Women vote in Jamestown a century ago

JSSP Keith Norman Column Sig

The women of Jamestown got an education on how to use their new right to vote a century ago.

The Sept. 16, 1920, edition of The Jamestown Alert ran a front-page headline saying “Jamestown businesswomen to conduct political school.”

The meetings were held at the high school building and were actually sponsored by the “Business and Professional Women’s Club of Jamestown.

Officials scheduled three meetings over more than a month with a note that additional meetings could be scheduled if there was a need. The program started with a presentation on the Republican Party and its platform on Sept. 20, 1920, and was followed by the Democratic Party on Oct. 4, 1920, and state and local issues on Oct. 18, 1920.

“Men who are familiar with public questions and the political platforms will address the meetings,” wrote the Alert. In a time when women were just gaining access to the ballot box, it was up to the men to explain politics although I’m sure a lot of women had their own opinions.

The final meeting was just days before the general election and dealt with the mechanics of voting.

The Jamestown Alert reported the women did alright at the polls although the 1920 election in Jamestown involved four separate ballots. “It was noted that the women voted as intelligently and as rapidly as the average male voter,” the Alert wrote. “… this is a compliment to the women who voted a complicated set of ballots for the first time.”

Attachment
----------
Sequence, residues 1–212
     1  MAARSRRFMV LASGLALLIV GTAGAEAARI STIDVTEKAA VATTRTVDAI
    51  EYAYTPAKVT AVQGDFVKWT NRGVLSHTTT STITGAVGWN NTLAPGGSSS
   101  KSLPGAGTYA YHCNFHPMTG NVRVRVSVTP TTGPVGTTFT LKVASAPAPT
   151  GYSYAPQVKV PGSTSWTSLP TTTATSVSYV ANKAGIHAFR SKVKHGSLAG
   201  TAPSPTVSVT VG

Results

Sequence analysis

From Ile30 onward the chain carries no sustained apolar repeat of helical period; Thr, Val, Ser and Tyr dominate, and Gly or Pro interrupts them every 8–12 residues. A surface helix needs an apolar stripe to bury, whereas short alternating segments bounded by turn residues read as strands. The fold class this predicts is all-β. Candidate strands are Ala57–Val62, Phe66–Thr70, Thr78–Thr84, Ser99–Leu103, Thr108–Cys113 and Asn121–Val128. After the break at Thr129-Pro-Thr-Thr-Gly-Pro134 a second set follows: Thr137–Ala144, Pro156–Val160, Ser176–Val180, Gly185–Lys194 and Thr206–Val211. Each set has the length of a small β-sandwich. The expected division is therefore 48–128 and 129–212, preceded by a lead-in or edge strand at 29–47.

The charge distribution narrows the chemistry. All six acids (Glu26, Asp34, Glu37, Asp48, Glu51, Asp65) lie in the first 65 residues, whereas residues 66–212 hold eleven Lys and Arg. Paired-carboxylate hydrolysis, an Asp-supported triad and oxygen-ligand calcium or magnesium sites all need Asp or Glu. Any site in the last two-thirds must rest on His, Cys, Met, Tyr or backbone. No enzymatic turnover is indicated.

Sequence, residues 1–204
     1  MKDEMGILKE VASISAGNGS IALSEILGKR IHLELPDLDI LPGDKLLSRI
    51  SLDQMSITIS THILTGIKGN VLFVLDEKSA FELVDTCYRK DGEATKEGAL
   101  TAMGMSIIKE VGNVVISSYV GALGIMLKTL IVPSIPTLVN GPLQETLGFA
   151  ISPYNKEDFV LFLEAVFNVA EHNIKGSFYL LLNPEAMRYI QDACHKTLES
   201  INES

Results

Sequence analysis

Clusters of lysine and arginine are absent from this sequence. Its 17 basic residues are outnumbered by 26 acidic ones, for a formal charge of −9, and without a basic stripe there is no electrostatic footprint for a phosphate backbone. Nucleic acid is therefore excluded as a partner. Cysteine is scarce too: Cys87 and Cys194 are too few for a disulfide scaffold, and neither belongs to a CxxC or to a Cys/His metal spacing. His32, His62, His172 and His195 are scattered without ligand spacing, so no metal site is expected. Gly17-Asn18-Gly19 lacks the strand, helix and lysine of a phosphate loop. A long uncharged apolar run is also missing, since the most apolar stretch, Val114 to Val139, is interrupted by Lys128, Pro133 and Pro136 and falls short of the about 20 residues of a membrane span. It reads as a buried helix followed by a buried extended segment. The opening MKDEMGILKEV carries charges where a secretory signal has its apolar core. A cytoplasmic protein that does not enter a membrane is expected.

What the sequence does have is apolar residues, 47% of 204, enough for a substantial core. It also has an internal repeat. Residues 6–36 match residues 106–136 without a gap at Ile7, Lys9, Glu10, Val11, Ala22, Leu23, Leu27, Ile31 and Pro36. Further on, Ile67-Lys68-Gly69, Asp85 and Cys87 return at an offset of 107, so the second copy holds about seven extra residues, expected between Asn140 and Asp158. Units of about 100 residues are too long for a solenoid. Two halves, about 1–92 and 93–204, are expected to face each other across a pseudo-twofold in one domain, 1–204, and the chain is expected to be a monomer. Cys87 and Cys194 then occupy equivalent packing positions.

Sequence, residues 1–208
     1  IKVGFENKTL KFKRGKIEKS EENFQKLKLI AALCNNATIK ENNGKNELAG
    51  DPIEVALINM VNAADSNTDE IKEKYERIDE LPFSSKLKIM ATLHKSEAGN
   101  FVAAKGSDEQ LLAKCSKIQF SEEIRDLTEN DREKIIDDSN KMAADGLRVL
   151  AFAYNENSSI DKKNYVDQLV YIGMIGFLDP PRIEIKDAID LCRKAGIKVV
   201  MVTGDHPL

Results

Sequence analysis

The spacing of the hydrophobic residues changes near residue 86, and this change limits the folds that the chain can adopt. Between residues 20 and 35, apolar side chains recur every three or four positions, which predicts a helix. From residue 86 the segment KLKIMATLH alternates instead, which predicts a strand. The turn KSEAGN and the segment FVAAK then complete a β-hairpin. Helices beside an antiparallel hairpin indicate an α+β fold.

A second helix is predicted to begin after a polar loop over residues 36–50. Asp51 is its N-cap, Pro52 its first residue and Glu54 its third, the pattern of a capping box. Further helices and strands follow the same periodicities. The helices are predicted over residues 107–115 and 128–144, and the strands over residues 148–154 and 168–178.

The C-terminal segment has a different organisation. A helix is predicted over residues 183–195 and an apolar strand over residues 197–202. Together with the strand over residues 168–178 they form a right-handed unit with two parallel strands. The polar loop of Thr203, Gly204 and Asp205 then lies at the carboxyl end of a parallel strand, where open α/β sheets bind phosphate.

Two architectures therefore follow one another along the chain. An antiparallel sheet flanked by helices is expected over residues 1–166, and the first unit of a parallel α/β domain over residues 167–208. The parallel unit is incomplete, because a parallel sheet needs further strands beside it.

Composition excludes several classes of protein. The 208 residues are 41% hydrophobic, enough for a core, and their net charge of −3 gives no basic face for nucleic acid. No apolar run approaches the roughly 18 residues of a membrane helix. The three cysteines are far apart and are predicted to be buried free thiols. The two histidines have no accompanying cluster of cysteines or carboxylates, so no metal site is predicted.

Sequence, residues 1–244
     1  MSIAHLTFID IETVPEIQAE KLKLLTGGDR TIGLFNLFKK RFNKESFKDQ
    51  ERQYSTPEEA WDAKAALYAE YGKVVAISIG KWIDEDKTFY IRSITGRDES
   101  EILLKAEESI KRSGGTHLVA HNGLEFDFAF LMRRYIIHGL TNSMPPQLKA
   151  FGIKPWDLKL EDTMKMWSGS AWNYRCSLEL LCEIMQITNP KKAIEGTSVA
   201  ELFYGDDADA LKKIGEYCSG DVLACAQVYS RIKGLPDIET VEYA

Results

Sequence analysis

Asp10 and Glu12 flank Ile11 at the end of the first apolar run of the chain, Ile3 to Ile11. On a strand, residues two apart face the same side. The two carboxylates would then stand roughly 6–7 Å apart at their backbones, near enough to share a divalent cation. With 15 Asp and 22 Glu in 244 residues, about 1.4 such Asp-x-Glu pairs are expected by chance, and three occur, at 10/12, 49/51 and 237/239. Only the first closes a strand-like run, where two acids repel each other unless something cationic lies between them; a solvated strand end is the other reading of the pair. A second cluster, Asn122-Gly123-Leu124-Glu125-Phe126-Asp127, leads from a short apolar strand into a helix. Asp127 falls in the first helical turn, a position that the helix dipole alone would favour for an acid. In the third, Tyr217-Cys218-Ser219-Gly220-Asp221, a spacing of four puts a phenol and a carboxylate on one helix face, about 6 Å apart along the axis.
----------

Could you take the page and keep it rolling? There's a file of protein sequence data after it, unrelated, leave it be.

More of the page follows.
Elections could be a bit rowdy a century ago. The presence of women voters seemed to be a calming influence with the Alert noting “the presence of women voting in a dignified and business-like way, no doubt had its effect on the conduct of the election.”

It appears a lot of women voted. Total voter turnout in Jamestown was 2,593 people which was up from 1,183 who voted in the June primary before women’s suffrage was passed.

“The increase in the vote was due principally to the women’s ballots,” the Alert noted.

The Alert also quoted state officials saying the rate of women voting in the cities like Jamestown was about double the rate in the rural precincts..

The women of Jamestown and around the country helped elect Republican Warren Harding although his landslide victory would likely have incurred even in an all-male election.

And while the ladies may not have made an impact on who was in the White House in 1920, their presence at the polling place was good for democracy, according to the editor of The Jamestown Alert.

“If there is a ‘new day’ in store for North Dakota and the country at large, … it will be due to the women,” the paper noted in a front page article.


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